However, no automation effort is perfect out of the box and even the best-implemented test automation will experience instances of the first three categories, particularly at the beginning of the automation effort. See my article “Test Automation Stumbling Blocks: Foundational Problems” for more on eliminating or reducing the first three causes of failure. Multiple instances of the fourth cause of failed tests, defects in the automated tests themselves, may indicate a process or communication issue around changing application requirements.
The intent here is to drive out the causes of the first four types of errors and, over time, reduce these errors to as close to zero as possible. In a perfect world, every failed test would represent a defect in the AUT. While this model is likely impossible to achieve in the real world, the closer you and your team can get to this model, the more effective your test automation will be and, in turn, the higher your customers’ confidence level in the test automation will be. Reducing the first four causes of test failures also results in faster communication of “real” bugs to developers. This is a good thing regardless of whether you are running an agile or traditional development process.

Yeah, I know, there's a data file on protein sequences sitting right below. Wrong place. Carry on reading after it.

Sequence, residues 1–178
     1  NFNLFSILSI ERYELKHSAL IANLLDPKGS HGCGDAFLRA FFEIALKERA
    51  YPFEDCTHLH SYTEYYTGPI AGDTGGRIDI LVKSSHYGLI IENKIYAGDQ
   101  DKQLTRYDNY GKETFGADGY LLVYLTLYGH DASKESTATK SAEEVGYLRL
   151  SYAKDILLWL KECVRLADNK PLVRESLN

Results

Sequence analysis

While this model may seem, on the surface, to be more expensive than running automated tests less frequently, especially for applications not undergoing active development, I have found that by running all of your automated tests regularly and aggressively driving out non-AUT failures, over time the test automation becomes much easier to maintain while confidence in the test automation increases across the team including among testers, developers, and product owners.